Parenting is a journey of emotional ups and downs. When they are very little and completely dependent upon us we wish they could do without us, if only for a moment! When they get older and embrace their independence, we miss the days when we were their entire world.
Separation anxiety is common for every baby and parent. It typically begins around 7-months of age and can last for years, but it peaks between 9 and 18-months.
What is Separation Anxiety?
Separation anxiety in babies is an indicator that they are developing a cognitive skill called “object permanence.” Whereas before this point, once something left baby’s sight, she basically thought it no longer existed; now she knows! And she wants it back, including you! You see, at about the same time object permanence develops, your baby also begins to understand that she is separate from you – that you are two distinct individuals. Though baby wouldn’t put it in such terms, she understands that even when she can’t see you, you are somewhere and she wants that “somewhere” to be with her!
Baby separation anxiety is a normal part of development. A very small percentage of children develop separation anxiety disorder, which continues throughout childhood and is characterized by extreme distress. Consult with your GP or Paediatrician if you’re concerned. Separation anxiety in children requires extra care, but it can be dealt with and improved.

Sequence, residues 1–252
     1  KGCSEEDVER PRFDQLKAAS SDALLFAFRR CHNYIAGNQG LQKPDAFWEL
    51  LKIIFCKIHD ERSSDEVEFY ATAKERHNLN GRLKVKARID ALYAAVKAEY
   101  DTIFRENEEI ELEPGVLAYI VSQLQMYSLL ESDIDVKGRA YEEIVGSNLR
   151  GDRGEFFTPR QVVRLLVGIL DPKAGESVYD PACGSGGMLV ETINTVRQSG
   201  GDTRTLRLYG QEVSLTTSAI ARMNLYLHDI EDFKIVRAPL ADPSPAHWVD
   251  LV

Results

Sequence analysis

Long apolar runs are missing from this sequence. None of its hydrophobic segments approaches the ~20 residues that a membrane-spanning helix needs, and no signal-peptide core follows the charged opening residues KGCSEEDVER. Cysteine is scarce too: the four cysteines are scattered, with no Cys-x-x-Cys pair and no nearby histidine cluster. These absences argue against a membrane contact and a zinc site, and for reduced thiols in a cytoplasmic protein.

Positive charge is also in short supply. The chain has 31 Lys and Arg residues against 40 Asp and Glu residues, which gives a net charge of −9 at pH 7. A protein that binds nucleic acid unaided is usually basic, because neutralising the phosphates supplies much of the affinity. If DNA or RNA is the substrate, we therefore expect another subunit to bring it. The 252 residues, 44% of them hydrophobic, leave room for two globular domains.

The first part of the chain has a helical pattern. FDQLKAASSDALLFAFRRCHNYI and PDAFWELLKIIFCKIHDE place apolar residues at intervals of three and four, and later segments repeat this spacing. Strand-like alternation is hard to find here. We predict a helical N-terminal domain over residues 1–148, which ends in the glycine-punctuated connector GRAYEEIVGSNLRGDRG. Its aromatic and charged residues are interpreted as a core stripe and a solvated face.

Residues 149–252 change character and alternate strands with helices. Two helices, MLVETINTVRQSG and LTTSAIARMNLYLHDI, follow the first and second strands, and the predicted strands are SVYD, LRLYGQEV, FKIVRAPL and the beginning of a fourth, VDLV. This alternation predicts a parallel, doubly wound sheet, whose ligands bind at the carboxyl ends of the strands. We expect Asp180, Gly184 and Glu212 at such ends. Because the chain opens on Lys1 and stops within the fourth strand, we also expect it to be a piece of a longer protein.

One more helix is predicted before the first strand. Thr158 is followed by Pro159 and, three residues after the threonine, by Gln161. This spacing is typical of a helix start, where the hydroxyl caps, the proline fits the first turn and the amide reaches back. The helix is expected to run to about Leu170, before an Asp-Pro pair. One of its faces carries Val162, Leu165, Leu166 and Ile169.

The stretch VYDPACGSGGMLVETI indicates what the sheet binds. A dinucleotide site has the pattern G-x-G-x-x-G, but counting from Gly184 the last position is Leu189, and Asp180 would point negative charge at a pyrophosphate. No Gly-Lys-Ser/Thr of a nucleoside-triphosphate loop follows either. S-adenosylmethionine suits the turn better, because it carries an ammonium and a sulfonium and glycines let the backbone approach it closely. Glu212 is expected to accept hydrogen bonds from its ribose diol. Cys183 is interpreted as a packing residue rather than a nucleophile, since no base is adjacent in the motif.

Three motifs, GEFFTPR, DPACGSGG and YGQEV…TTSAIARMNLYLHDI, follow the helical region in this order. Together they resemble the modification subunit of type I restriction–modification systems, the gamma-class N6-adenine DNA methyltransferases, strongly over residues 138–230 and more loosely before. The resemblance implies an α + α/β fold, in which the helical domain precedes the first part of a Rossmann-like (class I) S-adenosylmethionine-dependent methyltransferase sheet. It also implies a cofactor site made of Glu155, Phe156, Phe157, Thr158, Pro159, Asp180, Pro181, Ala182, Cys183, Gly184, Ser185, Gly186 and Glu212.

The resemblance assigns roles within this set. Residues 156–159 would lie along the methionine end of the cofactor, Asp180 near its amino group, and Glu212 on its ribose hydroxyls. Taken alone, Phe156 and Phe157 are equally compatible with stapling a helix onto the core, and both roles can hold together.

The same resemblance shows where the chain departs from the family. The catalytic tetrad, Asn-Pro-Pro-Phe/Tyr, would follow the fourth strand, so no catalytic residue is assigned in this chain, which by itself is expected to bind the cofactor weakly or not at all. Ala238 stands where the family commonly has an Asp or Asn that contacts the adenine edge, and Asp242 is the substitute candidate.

Separation anxiety isn’t only for baby – mums feel it too, especially the first few times you have to say goodbye. Follow these tips for making it easier on both of you:
3 Tips for Dealing with Separation Anxiety
- Let your child get to know a new caregiver before you go. Whenever I introduce a new babysitter at home, I have her visit a couple of times before I leave - once with me around and interacting with her and the children. The second time with I still stay home, but out of the way, so the children keep busy with the babysitter. If they are starting at a new daycare center, visit once or twice, meet their teachers, and discover together the fun things they’ll do while they are there and then talk about it often before they start .
- Make Goodbyes short and sweet. Long, drawn-out goodbyes will only make a necessary separation harder for both of you, so act matter-of-fact, give her a kiss and head out the door. Do not feel guilty about this. We all do at some point, but it’s important to remember that our children do fine and even thrive, when we are not present.
- Make Hellos long and loud! Remember, Separation anxiety occurs because your child understands you are somewhere, but they don’t know where or when you’re coming back. Making a big deal about reuniting will help them bridge the gap and gain confidence that you’ll always return. Plus, welcome back hugs are better than any other!
Have you experienced separation anxiety with your child? How do you deal with it? What’s your best advice for other mums?
You can learn more about separation anxiety from Early Childhood Australia at http://www.earlychildhoodaustralia.org.au/feelings_and_behaviours/everyday_feelings/separation_anxiety.html